Benshi is the Japanese tradition of using live narrators to accompany silent films. Kyoko Omori, Associate Professor of East Asian Languages and Literatures at Hamilton College, has assembled a large collection of video, text, and still image files that illuminate this tradition. She collaborates with scholars in institutions across the United States and also in Japan, but it can be difficult for several people working in different cities to keep track of who has done what to which file. Omori has high hopes that DuraCloud will do a lot to solve these problems.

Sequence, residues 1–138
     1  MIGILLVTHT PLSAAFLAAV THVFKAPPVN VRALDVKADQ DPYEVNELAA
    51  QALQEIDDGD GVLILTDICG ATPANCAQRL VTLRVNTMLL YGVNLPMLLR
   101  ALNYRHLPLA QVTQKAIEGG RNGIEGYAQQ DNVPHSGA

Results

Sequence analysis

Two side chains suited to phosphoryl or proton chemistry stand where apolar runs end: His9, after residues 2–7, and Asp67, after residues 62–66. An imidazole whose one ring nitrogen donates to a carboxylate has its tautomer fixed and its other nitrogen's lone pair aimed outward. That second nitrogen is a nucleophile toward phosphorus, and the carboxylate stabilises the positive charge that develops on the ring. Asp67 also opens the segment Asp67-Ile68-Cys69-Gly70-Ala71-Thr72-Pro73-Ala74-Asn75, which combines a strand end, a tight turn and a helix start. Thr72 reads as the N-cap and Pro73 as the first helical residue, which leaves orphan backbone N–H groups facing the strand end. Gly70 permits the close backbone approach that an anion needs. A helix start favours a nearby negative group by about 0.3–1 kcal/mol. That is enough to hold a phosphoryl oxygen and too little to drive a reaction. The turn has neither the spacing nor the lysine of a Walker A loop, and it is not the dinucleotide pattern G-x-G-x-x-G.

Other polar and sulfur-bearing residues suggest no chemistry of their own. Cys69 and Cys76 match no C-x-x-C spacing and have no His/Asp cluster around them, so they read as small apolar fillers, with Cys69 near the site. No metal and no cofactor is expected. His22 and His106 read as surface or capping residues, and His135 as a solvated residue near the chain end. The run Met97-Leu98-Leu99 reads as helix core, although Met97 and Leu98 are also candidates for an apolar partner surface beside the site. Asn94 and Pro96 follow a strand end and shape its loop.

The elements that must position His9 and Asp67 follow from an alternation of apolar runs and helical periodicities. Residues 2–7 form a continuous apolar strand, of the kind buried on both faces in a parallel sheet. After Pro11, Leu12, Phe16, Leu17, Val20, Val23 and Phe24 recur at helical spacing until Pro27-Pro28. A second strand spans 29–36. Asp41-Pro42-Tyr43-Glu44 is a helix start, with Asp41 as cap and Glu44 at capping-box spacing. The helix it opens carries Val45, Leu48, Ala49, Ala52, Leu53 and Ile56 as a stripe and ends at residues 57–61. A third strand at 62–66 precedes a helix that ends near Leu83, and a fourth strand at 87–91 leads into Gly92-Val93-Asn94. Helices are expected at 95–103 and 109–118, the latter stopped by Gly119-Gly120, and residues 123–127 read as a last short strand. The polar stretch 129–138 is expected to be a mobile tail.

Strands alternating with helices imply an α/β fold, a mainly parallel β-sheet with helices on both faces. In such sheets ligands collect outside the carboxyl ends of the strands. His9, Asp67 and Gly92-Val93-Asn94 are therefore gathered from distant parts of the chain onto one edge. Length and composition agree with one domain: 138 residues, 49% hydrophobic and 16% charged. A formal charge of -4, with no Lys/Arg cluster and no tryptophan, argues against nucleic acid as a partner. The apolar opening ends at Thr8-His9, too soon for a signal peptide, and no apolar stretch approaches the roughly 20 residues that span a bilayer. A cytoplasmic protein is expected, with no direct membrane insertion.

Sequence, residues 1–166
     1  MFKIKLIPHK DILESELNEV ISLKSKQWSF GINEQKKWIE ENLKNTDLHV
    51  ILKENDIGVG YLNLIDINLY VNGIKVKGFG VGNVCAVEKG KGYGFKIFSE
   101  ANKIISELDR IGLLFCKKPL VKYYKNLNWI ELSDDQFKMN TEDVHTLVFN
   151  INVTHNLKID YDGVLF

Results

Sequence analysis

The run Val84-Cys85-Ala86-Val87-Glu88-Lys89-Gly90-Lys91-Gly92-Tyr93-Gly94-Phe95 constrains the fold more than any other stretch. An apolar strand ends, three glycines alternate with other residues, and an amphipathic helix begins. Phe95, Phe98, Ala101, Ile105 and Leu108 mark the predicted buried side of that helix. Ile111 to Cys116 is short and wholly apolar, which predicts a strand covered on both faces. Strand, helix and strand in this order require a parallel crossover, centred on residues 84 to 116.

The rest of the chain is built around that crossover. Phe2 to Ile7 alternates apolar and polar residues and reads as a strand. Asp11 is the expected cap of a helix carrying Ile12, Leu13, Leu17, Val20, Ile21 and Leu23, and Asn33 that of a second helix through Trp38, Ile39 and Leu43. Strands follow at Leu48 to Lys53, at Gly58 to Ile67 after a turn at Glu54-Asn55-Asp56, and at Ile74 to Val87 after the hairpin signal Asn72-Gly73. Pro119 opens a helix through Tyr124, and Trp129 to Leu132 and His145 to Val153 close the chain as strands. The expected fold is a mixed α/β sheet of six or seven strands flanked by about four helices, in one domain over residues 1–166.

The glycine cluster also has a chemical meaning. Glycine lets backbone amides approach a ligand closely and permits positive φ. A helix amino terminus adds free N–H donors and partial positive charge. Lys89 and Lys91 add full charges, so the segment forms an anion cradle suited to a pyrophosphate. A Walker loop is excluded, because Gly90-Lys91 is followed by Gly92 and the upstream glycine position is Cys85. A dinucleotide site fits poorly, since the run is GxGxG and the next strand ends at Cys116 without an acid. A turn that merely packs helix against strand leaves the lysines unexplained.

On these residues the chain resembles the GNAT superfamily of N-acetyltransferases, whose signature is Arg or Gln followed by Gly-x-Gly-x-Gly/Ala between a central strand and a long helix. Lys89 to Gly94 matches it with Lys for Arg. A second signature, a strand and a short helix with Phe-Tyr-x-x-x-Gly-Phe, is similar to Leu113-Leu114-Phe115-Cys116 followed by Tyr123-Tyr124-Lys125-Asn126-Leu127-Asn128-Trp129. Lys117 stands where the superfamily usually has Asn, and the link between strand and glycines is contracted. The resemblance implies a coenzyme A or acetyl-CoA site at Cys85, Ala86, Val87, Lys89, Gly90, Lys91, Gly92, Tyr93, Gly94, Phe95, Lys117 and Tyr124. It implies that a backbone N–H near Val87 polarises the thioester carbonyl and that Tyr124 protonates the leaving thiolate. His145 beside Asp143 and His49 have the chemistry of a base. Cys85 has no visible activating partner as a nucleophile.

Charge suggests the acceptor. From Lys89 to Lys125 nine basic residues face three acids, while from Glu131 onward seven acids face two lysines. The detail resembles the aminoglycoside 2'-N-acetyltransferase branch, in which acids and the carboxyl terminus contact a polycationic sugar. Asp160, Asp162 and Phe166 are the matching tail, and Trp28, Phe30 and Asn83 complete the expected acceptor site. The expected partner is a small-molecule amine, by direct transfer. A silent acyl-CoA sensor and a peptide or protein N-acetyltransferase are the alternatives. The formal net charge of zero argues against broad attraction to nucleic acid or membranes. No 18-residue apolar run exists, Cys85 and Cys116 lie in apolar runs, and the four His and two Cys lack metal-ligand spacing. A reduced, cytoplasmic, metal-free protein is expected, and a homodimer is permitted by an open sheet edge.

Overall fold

“We want to combine a cloud repository with software services to allow for collaborative development,” says Janet Simons, who co-directs Hamilton's Digital Humanities Initiative with Professor Angel David Nieves. DuraCloud’s tools fit the bill because they give multiple access points for streaming, viewing, uploading, and downloading files in a variety of formats. Someone at Occidental College in Southern California might add an audio file of commentary for one of Omori’s videos; a few hours later, another scholar at Wasada College in Japan might upload several still images of theater posters of Benshi artists or their file narratives to illustrate and build upon the commentary. Because everything is stored on the cloud and is automatically updated, Omori and her remote collaborators will be able to work together in ways that foster dynamic digital scholarship.